State of the Planet

News from the Columbia Climate School

Category: Natural Disasters62

  • Earthquake Research Vessel Reaches Haiti Coast

    Scientists aboard the U.S. research vessel Endeavor and collaborators ashore have just arrived on the coast of Haiti to start a 20-day survey of that will assess the history and potential continued threat of earthquakes there. (Read the full story of the project, involving the Earth Institute and other major institutions.) Chief scientist Cecilia McHugh of Lamont-Doherty Earth Observatory…

  • Risks and Rewards: funding a technical earthquake response

    A rapid technical response to the damaging earthquakes in Malawi produces both humanitarian and scientific benefits, and we hoped that both scientific and international assistance agencies would support our effort. Our seismic field effort serves two purposes: (1) to provide badly needed seismic equipment and technical training to the Malawi Geological Survey department (MGSD); and…

  • Some Thoughts About Dust, Rio Gallegos

    I’ve been to Stewart Island, off the southern tip of New Zealand, but I’m pretty sure this is the furthest south I’ve been. Cool! We’re here in Rio Gallegos. We’ve just rendezvoused with Dr. Jay Quade, a geologist from the University of Arizona, and his wife Barbara. We’ve got two cars, a bunch of boxes…

  • Assessing Continuing Quake Risks, by Sea

    This week U.S. and Haitian scientists will start a 20-day research cruise off Haiti to address urgent questions about the workings of the great Jan. 12 earthquake, and the possibility of continuing threats. They hope to gather sonar images, sediments and other evidence from the seafloor that might reveal hidden structures, how they have moved,…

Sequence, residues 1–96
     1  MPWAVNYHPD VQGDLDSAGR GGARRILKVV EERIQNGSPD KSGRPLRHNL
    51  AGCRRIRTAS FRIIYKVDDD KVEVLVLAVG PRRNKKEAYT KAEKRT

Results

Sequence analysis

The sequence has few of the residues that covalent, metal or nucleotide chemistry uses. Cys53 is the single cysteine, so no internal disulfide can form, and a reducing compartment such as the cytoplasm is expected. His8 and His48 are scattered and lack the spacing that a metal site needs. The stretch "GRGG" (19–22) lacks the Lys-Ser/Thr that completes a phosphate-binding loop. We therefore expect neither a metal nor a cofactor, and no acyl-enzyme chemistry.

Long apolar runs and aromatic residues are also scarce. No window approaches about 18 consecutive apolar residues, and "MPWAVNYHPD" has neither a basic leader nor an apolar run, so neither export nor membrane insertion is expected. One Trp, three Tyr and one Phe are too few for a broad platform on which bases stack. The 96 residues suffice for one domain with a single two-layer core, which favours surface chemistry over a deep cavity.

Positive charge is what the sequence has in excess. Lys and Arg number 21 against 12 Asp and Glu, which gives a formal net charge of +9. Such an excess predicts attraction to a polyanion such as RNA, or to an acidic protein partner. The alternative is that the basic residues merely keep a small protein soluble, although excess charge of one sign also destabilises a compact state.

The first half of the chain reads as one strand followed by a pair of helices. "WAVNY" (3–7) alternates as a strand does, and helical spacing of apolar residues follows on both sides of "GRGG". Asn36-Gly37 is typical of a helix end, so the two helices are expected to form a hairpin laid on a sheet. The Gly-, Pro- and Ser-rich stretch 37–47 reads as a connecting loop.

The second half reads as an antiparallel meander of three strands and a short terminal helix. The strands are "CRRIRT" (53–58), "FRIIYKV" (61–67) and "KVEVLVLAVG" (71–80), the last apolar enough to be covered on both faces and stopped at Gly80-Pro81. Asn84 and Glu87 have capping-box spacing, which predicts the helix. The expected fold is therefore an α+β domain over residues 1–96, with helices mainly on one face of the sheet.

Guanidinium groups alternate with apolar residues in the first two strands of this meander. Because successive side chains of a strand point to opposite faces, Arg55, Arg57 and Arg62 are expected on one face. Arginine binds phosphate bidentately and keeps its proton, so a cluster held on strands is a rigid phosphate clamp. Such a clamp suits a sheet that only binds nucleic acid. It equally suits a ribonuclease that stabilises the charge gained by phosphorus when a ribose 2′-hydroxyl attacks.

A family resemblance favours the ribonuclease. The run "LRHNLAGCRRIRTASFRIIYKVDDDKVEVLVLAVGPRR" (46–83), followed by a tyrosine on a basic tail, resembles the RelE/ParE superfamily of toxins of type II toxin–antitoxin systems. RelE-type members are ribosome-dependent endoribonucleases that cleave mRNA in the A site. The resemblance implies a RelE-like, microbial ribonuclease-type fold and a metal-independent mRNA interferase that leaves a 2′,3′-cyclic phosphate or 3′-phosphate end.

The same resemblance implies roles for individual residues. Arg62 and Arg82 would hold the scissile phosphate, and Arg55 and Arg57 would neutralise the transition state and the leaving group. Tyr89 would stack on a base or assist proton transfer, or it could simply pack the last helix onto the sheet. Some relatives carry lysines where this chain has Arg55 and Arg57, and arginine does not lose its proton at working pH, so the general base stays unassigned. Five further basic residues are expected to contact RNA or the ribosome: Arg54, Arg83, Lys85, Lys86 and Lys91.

• Climate Risks and Haiti

    As Haitians struggle to rebuild their country after January’s devastating earthquake, they face added risks, related to climate.  Currently, about 1.2 million Haitians are without proper shelter, and an additional 470,000 have been displaced from their homes, according to the U.N. Office for the Coordination of Humanitarian Affairs (latest updates). This leaves them vulnerable to storms and extreme…

  • High, Dry and Safe: In Search of the Perfect Site

    The ideal spot for a seismic station is dry, quiet and safe from vandals and thieves. Seismometers record slight ground motions, allowing them to hear distant (and not so distant) earthquakes. But cars or even kids playing near a seismic station can produce ground vibrations that overwhelm the subtle sounds of earthquakes. Seismic stations include…

  • A Rough Start

    The magnitude 6.0 earthquake that struck Malawi on Saturday night, December 19, spurred us into action. We had been closely following the earthquakes there, but this one confirmed the unusual nature of the seismic sequence. It also happened to be the most destructive. Leonard Kalindekafe, director of Malawi’s Geological Survey, asked us to come and…

  • Temporary Seismic Networks Can Help Developing Nations Pinpoint Quakes

    Earthquakes can be devastating, as Haiti has shown. They can trigger tsunamis, like the one in Indonesia in 2004, and create enough ground shaking to topple buildings. Aftershocks can prevent people from returning to their homes for weeks, even months. The immediate response to a natural disaster is to search for those lost, treat the…

  • Continental Breakup in East Africa

    Africa is ripping apart along a 4,000 kilometer seam called the East Africa Rift, which stretches from the Red Sea to Mozambique. This huge continental tear started in the north about 25 million years ago and has been gradually unzipping to the south, with rifting in Malawi starting about 10 million years ago. Breaking up…